Transactional movie revenue across pay-TV and digital platforms, excluding premium VOD, increased 14% in 2020, exceeding $6 billion for the first time, according to new data from London-based research firm Omdia.
Despite the growth in TVOD revenue due the pandemic, consumer spending was unable to offset declines in box office revenue caused by shuttered theaters. Total spending on movies in theaters, TVOD and packaged media was down 43% compared with 2019, but remained flat with the addition of subscription streaming video, i.e. Netflix & Co.
As a result of the pandemic, many studios have put greater emphasis on their own direct-to-consumer streaming services as well as experimenting with traditional release windows. This approach has meant that some studios with a D2C platform are able to use new release movies to drive SVOD uptake and generate recurring revenue. However, SVOD availability not only breaks the transactional video window but significantly reduces the lifespan of a movie, according to Omdia.
In a survey, more than 57% of U.S. online adults stated that they were willing to pay extra for early access to new movies with the average maximum spend totaling $15.16 — about $1 more than the average cost of a digital retail movie. However, among households with children, 71% are willing to pay no more than $20.07 for PVOD. Among respondents who frequented theaters more than six times annually before the pandemic, most are willing to pay no more than $28 — about the cost of a family movie ticket.
“It is clear that the demand for content is continuing to increase across all consumers and whilst studios are reacting to this demand by providing more new content to SVOD, there is a balancing act that needs to continue,” analyst Fateha Begum said in a statement.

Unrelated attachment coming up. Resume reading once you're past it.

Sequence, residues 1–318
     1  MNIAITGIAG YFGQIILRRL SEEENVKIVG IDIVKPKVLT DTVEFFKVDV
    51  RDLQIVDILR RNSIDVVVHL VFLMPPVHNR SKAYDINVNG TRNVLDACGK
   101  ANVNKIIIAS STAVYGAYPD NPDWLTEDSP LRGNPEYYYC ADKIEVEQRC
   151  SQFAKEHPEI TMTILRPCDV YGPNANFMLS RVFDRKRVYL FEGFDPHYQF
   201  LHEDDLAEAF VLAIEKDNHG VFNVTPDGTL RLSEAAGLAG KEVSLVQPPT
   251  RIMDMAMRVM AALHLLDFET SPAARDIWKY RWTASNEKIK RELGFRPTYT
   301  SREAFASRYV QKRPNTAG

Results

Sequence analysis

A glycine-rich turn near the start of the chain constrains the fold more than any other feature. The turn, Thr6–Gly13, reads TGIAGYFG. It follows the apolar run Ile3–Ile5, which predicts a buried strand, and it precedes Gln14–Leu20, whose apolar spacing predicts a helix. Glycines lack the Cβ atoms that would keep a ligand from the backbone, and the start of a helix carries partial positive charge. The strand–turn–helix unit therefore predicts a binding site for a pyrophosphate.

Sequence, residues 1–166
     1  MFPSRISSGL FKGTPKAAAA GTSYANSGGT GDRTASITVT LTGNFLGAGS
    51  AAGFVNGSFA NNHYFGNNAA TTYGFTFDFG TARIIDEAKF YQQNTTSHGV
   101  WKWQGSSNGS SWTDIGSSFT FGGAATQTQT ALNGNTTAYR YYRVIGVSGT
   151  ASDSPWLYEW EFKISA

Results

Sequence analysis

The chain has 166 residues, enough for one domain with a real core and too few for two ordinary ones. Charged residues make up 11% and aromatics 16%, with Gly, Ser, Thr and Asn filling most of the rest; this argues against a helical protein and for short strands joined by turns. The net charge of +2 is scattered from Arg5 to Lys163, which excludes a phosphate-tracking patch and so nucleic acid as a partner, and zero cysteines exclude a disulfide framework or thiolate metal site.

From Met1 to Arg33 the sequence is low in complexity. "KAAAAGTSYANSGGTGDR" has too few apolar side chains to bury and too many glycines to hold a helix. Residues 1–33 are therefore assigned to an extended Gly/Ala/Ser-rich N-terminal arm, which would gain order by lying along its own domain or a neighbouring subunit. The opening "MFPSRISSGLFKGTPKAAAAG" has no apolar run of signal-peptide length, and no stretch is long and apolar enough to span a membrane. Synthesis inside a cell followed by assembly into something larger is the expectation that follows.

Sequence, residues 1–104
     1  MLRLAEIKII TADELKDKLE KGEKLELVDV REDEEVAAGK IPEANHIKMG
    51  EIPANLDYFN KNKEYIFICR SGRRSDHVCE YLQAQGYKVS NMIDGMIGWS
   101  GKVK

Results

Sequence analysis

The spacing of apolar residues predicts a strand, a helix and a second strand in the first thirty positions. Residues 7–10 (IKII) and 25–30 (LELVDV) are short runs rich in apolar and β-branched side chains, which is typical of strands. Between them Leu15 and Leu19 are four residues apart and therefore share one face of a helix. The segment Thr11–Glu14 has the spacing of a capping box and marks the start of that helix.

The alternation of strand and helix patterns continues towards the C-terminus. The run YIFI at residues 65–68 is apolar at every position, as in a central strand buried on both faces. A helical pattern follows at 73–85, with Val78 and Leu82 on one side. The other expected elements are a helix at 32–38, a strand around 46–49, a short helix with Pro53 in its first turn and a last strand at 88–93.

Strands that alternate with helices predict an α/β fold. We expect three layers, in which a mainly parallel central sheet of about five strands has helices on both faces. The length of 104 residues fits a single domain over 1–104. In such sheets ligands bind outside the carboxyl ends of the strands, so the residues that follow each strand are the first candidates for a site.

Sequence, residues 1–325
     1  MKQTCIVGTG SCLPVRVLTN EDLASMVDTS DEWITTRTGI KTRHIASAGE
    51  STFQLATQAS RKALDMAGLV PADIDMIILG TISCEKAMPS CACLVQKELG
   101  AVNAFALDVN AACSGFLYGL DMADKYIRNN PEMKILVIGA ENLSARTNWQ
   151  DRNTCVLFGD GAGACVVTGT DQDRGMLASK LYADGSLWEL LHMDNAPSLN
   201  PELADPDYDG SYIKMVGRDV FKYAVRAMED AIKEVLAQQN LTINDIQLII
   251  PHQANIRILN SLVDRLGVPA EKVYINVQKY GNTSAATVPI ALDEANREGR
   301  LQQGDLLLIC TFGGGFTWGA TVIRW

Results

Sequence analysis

Indeed, about 93% of respondents who sampled PVOD in 2020, nearly 50% said they were willing to repeat the transaction. However, for studios to match the $10.7 billion box office in 2019 through PVOD, each household would have to make at least 5.5 PVOD transactions equating to 700 million transactions within one year. This rises to 17 PVOD transactions per family for households with four children.
“PVOD presents a great opportunity for studios however, it is not a magic cure to recoup lost revenues through the global pandemic,” Begum said. “It should not be viewed as an alternative to the cinema but an accompaniment.”
Increase in Demand for content:
In 2020, consumer demand for online video content increased across all business models. The year saw an influx of new TVOD users, a rise in VOD consumption as well as increased SVOD conversion and uptake. Contrary to popular belief, consumers that engage more with subscription online video services are more likely to visit the cinema than the average consumer, as well as being more likely to purchase or rent via digital video stores.
Omdia found that willingness to pay for premium titles increases with the number of online video subscriptions, in particular among those consumers with 4 or more video services. This highlights the opportunity for studios to use new release movies to generate incremental TVOD revenues while driving subscriptions and retention on D2C services.
“In response to the global pandemic, studios have been able to experiment with theatrical windows and release times, but once things go back to normal, we anticipate that whilst consumer demand remands for new releases, release windows will go back to resemble those pre pandemic,” Begum said.